In the same year, the war broke out between the United States and the Confederate States, and when the army was set to march out of the state of Texas, Sergeant McDonald deserted, came to where I was, and sold the cows. […] That year I got 160 acres of land, which was the amount the state of Texas was granting to every citizen who was a head of household. I built a ranch on a particular branch of Privilege Creek which is called Bear Creek. I lived there for some time with my brothers-in-law, who’d come to live with us there in Bandera County. J.P. Rodríguez had established a ranch on the main branch of Privilege Creek approximately two miles from mine.
Santiago Tafolla, A Life Crossing Borders: Memoir of a Mexican-American Confederate. Houston, Tex.: Arte Público Press. Edited by Carmen Tafolla and Laura Tafolla. Translated by Fidel L. Tafolla. 63.
Land: Tafolla qualifies for headright land 1861.
When the townspeople heard that there was a Mexican boy in town, they came to see me out of curiosity and everyone was talking about “the Mexican boy.” Dr. F.T. Matthews was a fine Christian gentleman and a member of the Methodist Episcopal Church South. He taught a Sunday school class and was a real gentleman in every sense of the word. Some of the people who came to see me expressed surprise and would say, “He is nearly White” [sic. in original] while others would say, “He’s as White as anybody.” The doctor would reply to them, “Of course, he is White.” Since there  was still slavery at the time, the Whites would not associate at all with the Blacks and considered it a degradation to even sympathize with the Negroes. I remember that Mrs. Matthews’ daughter asked her mother one day, “Mama, is Mexican Jim sure enough White?” and her mother answered, “Daughter, James’ blood is as free from Negro blood as yours is.”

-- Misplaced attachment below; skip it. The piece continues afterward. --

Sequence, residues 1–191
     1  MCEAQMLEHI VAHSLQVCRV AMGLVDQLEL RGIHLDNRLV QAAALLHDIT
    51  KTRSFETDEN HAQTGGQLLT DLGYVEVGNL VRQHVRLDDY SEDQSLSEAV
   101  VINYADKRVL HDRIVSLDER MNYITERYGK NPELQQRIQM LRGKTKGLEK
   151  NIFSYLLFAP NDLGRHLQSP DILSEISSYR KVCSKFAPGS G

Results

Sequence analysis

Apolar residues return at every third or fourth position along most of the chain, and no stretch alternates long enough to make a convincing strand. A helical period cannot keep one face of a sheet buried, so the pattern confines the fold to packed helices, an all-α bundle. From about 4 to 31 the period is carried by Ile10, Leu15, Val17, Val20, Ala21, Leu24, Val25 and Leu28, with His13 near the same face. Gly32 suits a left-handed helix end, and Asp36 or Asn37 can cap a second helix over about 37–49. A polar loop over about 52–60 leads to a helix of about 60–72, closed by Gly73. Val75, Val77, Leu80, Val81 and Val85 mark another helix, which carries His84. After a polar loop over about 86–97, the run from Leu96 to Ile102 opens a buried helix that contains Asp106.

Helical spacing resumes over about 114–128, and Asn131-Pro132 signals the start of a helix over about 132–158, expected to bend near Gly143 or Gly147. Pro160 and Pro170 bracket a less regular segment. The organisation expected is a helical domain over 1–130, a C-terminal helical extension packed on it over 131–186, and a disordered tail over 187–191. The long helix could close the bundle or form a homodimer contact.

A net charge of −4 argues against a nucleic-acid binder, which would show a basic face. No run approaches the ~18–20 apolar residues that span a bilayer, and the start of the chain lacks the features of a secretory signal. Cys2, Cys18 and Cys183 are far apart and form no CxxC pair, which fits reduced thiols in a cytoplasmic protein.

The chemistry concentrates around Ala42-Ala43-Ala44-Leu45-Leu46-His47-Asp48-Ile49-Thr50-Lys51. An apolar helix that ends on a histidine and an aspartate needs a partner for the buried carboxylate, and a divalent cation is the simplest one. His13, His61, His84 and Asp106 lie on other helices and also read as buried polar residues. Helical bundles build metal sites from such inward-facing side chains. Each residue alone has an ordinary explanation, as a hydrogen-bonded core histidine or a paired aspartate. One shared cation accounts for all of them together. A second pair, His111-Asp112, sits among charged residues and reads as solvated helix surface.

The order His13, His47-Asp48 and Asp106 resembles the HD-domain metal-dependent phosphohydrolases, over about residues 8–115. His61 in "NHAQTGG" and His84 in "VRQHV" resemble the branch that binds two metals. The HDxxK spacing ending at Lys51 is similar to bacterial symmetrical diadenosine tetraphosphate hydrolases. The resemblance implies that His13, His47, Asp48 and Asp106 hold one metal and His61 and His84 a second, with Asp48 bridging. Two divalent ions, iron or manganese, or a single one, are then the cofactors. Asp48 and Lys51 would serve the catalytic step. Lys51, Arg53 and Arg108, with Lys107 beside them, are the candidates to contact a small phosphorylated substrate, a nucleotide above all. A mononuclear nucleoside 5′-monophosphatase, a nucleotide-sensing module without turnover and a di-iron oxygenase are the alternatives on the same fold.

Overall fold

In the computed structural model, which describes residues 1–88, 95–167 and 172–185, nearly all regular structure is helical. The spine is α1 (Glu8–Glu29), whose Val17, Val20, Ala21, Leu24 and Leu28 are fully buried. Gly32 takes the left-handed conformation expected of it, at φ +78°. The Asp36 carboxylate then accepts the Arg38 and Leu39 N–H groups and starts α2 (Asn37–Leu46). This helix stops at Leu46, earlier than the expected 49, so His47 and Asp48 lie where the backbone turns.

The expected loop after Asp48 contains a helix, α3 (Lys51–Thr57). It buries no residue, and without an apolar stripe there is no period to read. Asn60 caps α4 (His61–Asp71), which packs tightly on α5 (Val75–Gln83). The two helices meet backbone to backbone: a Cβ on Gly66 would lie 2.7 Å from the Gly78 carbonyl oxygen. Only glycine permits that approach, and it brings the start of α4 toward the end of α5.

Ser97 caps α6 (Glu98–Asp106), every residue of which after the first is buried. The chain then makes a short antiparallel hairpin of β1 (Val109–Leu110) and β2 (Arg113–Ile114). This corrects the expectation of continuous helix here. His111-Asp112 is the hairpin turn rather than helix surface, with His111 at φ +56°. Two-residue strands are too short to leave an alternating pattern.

Santiago Tafolla, A Life Crossing Borders: Memoir of a Mexican-American Confederate. Houston, Tex.: Arte Público Press. Edited by Carmen Tafolla and Laura Tafolla. Translated by Fidel L. Tafolla. 23ff.
Context: Tafolla is still young, looking for odd jobs in Columbus and Talbotton, Georgia.
Finally, I arrived at a barbershop where I saw a Negro man who was a quadroon [negro cuarterón]. He looked like a Mexican, so I spoke to him in Spanish, but he didn’t understand me. However, he took me by the hand to a house where there was a Mexican woman. He told her to ask me if I wanted to live with him, and that he would teach me the barber trade. I explained to the Mexican lady how it was that I had come to St. Louis. She asked the Negro to leave me there, and said she would see that I got to the place where I belonged. And then she advised me not to associate with Negroes and sent me to the hotel with an American boy. Mr. Matthews was very worried and had been looking for me.
Santiago Tafolla, A Life Crossing Borders: Memoir of a Mexican-American Confederate. Houston, Tex.: Arte Público Press. Edited by Carmen Tafolla and Laura Tafolla. Translated by Fidel L. Tafolla. 17.
Context: Tafolla is a young orphan, recently ran away from a bad foster home in New Mexico. Now traveling with an Anglo caravan into St. Louis.